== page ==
Taxpayers "On The Hook" For Contamination of Passaic River if Legislation Is Not Enacted
CONTACT: Arlene Carollo, Zinn Graves & Field
FOR IMMEDIATE RELEASE
TAXPAYERS “ON THE HOOK” FOR CONTAMINATION OF PASSAIC RIVER IF LEGISLATION IS NOT ENACTED
Legislation will clarify that certain types of sewage and sewage sludge do not constitute hazardous substances
ELIZABETH, NJ, December 17, 2012 — The Joint Meeting of Essex and Union Counties, a wastewater treatment facility, announced today its strong support for proposed legislation that will clarify the original intent of the New Jersey Spill Compensation and Control Act. Without prompt passage of this legislation, New Jersey’s taxpayers will bear the costs of defending against a lawsuit filed by chemical companies who seek contribution for damages from more than seventy-five (75) municipalities and six (6) public sewage authorities for the alleged discharge of hazardous substances into the Passaic River and Newark Bay. Legal fees and cleanup costs are expected to cost municipalities and the sewage authorities tens of millions of dollars.
The Spill Act, passed in 1977, currently includes a sewage and sewage sludge exemption. However, the exemption has been interpreted narrowly thus altering the law’s original intent. The legislation, introduced on June 21, 2012 by Senator M. Teresa Ruiz (Senate, No. 2094) and by Assemblyman John F. McKeon and Assemblywoman L. Grace Spencer (Assembly, No. 3128), “would clarify that domestic, commercial, or industrial wastewater, sewage, or sewage sludge collected by or expelled from a sanitary sewer system or a public sewage treatment plant does not constitute a hazardous substance under the Spill Compensation and Control Act.” The proposed amendment will reflect the original intent of the Spill Act by clarifying that appropriate parties — not public entities — should be held responsible.
In 2009, the Joint Meeting was named as a third-party defendant along with five other New Jersey sewage authorities, 75 municipalities, and more than 200 other commercial entities in a lawsuit filed under the Spill Compensation and Control Act. In the original lawsuit, the New Jersey Department of Environmental Protection (NJDEP) claimed that several chemical companies, including Occidental Chemical Corporation, intentionally polluted the Passaic River with dioxin and other hazardous substances during the period from 1951 to 1969. Two of these chemical company defendants now seek contribution from government and commercial entities throughout the region to minimize their liability for environmental and economic damages to the region’s waterways. Costs for cleanup of the Passaic River and Newark Bay are estimated in the tens of billions of dollars.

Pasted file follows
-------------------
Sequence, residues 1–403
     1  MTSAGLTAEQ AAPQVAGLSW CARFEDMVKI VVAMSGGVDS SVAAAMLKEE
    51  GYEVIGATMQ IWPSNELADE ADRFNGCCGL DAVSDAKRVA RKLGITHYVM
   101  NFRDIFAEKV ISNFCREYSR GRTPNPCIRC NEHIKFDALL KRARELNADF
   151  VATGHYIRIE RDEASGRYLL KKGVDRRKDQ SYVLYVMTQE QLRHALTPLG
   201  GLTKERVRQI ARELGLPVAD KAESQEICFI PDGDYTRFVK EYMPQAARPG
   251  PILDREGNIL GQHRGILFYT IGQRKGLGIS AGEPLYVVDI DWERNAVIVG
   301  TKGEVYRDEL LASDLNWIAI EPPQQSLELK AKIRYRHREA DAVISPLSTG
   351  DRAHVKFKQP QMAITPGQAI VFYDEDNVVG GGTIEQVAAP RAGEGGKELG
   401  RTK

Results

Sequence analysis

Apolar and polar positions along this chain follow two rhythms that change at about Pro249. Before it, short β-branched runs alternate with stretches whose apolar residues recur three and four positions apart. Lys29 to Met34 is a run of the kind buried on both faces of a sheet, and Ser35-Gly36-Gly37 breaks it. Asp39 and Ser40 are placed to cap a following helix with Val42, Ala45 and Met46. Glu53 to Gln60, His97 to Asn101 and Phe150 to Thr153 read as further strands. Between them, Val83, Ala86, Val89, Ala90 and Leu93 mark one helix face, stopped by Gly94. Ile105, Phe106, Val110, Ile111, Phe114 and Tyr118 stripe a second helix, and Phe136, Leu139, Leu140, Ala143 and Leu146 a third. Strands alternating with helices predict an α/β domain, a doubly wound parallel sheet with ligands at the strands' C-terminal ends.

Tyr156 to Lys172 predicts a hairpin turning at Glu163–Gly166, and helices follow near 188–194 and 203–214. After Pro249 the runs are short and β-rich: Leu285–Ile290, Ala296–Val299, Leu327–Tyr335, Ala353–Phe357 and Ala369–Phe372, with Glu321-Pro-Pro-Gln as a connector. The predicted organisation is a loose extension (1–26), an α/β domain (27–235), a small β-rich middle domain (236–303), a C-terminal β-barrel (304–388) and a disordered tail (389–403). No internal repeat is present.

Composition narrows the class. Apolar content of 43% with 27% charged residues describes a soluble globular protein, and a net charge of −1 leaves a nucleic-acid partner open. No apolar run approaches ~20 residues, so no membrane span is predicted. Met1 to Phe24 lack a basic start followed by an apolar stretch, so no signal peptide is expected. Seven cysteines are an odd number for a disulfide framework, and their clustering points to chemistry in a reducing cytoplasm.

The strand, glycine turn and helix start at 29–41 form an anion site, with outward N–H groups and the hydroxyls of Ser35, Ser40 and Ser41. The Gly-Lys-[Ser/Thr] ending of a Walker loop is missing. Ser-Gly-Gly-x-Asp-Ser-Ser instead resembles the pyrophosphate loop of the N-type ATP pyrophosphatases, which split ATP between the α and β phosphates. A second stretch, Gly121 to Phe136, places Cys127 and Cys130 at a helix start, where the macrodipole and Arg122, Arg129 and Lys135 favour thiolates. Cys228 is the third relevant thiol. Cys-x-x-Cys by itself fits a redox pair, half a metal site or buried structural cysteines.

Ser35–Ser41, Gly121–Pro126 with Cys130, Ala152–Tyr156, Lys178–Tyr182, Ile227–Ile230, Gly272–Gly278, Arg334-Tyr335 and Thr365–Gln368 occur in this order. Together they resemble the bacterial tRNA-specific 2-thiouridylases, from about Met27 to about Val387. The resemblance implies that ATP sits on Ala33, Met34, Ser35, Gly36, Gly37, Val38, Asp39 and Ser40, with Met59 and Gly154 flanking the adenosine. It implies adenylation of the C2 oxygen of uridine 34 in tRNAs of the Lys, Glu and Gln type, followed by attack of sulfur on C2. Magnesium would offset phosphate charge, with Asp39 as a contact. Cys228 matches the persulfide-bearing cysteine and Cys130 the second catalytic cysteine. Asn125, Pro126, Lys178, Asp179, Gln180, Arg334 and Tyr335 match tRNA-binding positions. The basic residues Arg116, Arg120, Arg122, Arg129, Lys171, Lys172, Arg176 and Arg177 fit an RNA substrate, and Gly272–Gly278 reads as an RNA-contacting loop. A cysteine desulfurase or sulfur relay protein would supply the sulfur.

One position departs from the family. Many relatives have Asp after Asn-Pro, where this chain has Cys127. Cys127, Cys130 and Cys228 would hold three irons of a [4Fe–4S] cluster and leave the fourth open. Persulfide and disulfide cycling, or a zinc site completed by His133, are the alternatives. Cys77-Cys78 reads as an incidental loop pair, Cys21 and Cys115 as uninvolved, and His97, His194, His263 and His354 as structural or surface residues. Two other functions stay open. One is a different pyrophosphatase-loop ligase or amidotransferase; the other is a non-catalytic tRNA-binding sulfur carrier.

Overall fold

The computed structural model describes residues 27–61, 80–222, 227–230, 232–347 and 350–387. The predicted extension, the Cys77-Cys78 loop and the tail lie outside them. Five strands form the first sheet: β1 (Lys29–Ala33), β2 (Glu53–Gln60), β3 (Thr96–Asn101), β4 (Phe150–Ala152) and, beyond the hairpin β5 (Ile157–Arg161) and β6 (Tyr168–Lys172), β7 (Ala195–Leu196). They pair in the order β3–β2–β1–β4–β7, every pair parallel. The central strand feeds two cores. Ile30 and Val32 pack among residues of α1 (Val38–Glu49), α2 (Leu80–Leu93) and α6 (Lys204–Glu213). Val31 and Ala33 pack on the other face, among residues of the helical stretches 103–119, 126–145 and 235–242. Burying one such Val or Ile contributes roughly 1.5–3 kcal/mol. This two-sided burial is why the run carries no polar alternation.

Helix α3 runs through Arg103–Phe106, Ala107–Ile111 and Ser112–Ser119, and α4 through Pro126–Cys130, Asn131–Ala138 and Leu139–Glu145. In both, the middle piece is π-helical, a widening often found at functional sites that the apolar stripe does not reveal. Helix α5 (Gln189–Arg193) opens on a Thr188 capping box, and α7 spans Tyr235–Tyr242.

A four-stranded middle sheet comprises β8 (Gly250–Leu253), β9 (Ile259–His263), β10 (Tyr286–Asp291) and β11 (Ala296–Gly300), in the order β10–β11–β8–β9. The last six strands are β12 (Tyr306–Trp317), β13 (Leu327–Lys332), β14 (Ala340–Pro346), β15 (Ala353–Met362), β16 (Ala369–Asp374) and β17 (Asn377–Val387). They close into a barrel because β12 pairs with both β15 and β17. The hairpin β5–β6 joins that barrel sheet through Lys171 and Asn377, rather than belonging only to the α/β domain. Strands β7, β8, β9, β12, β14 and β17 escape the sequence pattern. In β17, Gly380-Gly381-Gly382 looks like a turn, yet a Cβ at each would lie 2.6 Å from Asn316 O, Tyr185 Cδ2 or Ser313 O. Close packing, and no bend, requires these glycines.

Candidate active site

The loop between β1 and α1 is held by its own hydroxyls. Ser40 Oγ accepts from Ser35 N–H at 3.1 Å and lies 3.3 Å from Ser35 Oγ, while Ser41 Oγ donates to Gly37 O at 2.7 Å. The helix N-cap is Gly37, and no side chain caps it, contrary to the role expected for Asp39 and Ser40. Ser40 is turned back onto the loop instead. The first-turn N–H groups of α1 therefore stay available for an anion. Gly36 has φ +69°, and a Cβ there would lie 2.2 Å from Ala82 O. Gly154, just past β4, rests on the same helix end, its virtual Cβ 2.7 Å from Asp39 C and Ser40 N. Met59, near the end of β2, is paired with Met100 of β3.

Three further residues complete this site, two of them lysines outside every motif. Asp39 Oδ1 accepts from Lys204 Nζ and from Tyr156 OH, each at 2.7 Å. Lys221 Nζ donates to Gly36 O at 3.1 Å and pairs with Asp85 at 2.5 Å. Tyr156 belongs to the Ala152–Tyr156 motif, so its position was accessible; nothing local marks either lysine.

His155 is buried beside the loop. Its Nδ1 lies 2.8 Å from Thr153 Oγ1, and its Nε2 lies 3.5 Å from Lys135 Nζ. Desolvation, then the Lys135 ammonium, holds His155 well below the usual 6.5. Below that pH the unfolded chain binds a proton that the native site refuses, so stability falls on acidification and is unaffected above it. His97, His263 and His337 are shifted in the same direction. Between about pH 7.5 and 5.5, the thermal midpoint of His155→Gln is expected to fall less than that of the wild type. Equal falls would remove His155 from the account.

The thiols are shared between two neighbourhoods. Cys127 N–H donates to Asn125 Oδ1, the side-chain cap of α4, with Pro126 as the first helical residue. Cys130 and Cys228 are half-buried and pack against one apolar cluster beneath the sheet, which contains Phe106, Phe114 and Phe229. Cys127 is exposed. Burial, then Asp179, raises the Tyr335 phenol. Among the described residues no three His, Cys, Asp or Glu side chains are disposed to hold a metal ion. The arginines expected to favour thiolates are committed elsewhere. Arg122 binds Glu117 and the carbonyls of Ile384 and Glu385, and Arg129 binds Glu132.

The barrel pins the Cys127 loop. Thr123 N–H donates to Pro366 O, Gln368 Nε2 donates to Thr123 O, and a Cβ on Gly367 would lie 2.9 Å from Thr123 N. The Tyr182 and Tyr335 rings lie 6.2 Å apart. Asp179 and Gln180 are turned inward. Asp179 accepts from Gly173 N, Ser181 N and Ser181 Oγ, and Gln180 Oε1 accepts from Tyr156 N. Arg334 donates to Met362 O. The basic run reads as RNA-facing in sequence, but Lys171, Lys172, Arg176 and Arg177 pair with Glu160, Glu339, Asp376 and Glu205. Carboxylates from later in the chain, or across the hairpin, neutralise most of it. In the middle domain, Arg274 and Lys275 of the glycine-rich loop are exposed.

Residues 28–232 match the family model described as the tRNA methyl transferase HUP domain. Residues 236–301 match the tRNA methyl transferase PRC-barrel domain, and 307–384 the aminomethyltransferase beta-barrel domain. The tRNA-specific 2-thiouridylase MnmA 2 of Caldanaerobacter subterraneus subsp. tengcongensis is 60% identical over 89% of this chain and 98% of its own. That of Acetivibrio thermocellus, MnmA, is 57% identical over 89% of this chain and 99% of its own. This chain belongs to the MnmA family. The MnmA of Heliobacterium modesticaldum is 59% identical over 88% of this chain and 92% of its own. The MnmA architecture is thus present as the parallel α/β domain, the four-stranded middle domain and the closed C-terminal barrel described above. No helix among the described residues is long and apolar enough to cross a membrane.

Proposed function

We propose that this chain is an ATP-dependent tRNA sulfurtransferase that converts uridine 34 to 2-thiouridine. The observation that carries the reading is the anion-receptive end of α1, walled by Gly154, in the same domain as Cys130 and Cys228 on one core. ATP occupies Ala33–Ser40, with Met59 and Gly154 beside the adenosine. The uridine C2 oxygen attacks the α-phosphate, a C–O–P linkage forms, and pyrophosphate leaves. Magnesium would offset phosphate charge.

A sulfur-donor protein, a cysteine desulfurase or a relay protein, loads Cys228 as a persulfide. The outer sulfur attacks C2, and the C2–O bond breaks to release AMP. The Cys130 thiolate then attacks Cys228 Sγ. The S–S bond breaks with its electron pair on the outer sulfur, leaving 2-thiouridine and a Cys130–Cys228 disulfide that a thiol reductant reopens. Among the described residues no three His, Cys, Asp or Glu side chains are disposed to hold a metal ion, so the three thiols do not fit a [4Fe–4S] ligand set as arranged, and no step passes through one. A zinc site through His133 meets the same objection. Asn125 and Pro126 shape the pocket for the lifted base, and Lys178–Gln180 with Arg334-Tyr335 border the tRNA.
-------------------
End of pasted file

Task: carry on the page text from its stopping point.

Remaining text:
The amendment proposes to clarify that sewage and sewage sludge that are collected by or expelled from publicly owned treatment facilities, like the Joint Meeting of Essex and Union Counties, are not “hazardous substances” as defined by the Spill Act. Subsequently, all domestic, commercial, or industrial wastewater that pass through public sewage authorities will fall outside the ambit of the Spill Act’s “hazardous substances” definition as originally intended when the Spill Act was enacted.
According to Samuel McGhee, Executive Director of Joint Meeting of Essex and Union Counties, the legislation needs to be enacted to protect vital government resources. “We support the cleanup of the Passaic River, but the parties directly responsible for the pollution should be held responsible. Holding sewage authorities, municipalities and other governmental entities liable would impose the financial burden of the clean up on taxpayers rather than the culpable parties. The Joint Meeting postponed important capital investments in order to pay for the defense of this lawsuit. These resources should be invested in operational and infrastructure improvements, not to defend against Spill Act litigation. ”
The Joint Meeting also announced the launch of www.NJspillactbill.org, an informational website promoting the passage of Senate, No. 2094 and Assembly, No. 3128. It provides information, including frequently asked questions, copies of the legislation, and updates to help New Jersey residents, legislators, the media and others learn about the issue. It also features a section with information on how to contact your state representatives, urging support of the legislation.
The Joint Meeting of Essex and Union Counties owns and operates a wastewater treatment facility, serving more than 600,000 residents in communities in Essex and Union within a 64-square mile area. Member municipalities include East Orange, Hillside, Irvington, Maplewood, Millburn, Newark, Roselle Park, South Orange, Summit, Union, and West Orange. In addition, the City of Elizabeth and portions of Livingston, Orange, Berkeley Heights, Linden and New Providence are currently served as customer municipalities.